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  • Writer's picturePeter Miller

On the Sport and the Growing Good podcast, we learn from top leaders and competitors. What drives them? How do they go about their everyday work?

Naismith Hall of Famer Sidney Moncrief – a former Bucks all-star and assistant coach – joined us (2nd time on SGG!) to discuss leadership across different eras. He identified a critical shift in player-coach relations that occurred in the early 2000s and offered broad insights on leadership across diverse settings. We discussed:

1. How do relationships look in the NBA? In the 1980s: Corporate. “There were no relationships. You were told what to do. In the 2000s “there was a new source of empowerment among the players.” At that point, if you were an assistant coach, your sole purpose was to develop a relationship with players. “They were no longer doing what you told them to do because you were the leader. They wanted you to earn their trust.”

2. The impact of the rise of AAU.

3. One thing that has not changed in coaching: “Once players know that you care…right away, the trust goes up. And the respect goes up.” What matters most: caring, transparency, honesty, integrity.

4. Coaches showed care behind the scenes.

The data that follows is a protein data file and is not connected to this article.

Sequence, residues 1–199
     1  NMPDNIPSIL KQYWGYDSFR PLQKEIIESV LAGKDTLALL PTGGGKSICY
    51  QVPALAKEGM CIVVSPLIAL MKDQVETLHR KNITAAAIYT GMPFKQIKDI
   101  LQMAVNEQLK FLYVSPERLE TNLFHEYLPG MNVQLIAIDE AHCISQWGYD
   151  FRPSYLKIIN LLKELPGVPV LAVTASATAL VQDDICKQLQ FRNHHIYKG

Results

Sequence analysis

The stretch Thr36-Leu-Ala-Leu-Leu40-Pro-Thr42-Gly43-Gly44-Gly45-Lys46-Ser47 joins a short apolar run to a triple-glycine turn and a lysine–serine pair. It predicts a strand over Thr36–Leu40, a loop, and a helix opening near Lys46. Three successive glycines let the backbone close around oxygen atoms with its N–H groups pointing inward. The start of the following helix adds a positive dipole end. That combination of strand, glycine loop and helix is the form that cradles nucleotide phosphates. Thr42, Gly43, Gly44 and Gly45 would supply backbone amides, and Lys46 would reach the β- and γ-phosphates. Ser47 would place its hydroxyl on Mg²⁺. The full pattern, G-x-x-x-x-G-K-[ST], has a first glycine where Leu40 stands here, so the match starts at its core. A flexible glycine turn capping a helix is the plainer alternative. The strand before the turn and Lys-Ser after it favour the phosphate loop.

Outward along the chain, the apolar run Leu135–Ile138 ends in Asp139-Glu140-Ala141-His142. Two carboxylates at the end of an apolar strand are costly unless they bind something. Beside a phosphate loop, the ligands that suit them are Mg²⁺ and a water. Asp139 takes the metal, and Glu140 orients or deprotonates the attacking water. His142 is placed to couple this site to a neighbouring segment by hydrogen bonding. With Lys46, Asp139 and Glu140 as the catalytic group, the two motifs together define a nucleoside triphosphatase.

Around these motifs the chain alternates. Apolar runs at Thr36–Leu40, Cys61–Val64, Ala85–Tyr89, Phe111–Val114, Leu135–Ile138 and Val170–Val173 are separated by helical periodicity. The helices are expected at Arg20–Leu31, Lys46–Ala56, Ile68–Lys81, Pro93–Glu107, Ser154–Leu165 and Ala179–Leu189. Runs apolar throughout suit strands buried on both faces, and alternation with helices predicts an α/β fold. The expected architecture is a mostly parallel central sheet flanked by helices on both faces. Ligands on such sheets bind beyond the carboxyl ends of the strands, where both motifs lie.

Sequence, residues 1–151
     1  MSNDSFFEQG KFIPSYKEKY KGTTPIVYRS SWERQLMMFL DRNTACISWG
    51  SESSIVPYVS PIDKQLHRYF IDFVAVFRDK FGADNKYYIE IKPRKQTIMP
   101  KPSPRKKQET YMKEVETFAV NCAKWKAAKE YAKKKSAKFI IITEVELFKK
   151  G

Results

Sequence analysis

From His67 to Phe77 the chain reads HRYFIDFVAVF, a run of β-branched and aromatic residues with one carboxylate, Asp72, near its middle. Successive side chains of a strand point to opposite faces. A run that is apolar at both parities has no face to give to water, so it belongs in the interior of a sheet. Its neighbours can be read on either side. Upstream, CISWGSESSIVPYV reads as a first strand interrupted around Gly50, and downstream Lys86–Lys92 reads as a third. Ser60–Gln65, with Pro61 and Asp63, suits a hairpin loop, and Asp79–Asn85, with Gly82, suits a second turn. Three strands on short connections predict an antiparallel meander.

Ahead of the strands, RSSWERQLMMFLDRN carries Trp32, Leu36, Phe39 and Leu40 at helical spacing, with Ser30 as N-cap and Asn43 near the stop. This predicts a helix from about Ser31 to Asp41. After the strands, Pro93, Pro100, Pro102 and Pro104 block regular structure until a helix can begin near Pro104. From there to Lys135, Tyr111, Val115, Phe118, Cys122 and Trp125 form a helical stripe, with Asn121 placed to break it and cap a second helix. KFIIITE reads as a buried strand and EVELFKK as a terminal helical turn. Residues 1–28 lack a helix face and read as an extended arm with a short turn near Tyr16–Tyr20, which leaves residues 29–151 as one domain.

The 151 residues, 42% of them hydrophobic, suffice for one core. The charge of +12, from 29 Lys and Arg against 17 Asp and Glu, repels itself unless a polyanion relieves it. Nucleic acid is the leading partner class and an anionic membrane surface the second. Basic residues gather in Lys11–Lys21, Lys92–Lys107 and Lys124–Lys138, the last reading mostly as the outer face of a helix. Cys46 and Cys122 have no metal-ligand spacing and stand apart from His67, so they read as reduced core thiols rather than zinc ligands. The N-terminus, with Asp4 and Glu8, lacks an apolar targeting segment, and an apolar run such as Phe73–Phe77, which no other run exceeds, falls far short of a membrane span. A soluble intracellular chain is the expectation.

5. Principles are important in action, not just in what you say. Great coaches “walk the talk.” (Don Nelson. Del Harris, Rick Majerus, etc.)

6. Sidney’s “Cs of Leadership:” Competence, Character, Consistency, Communication.

7. The 1980s was the era of excess in the league – not an era of social consciousness. “We had conversations behind the scenes. But if you had those discussions in public…it would have been detrimental to your career.” It was easier to have those conversations in the 60s and 70s.

8. The importance of “Magic vs. Bird” in shifting from team to individual branding.

9. “Coaches play a major role in giving players a base for being game changers in society.”

10. “You should never be afraid of stepping outside of the box as a coach.”

11. Don Nelson understood that he needed to get the star players on board with ideas first. “He would come to us and ask for our opinions…Great players must be part of your internal team.”

12. “Being a social justice person.” Sidney’s thoughts on order and action in a sports context – a sensitive and complicated matter.

13. Could Coach Eddie Sutton coach the same way today? “He made some adjustments but his standards never changed.”

14. “GRIT:” Growth, resilience, intentionality, tenacity.

15. Body language. Reading cues.

16. Authenticity. “The worst thing as a leader is for people that you lead to not know who you are and what you stand for.”

17. “Empathy should have no age limit.”

18. Having a purpose.

19. The diversity in the game.

20. Principled coaches are “setting their players up to be social game changers in society, to accelerate their life’s purpose.”


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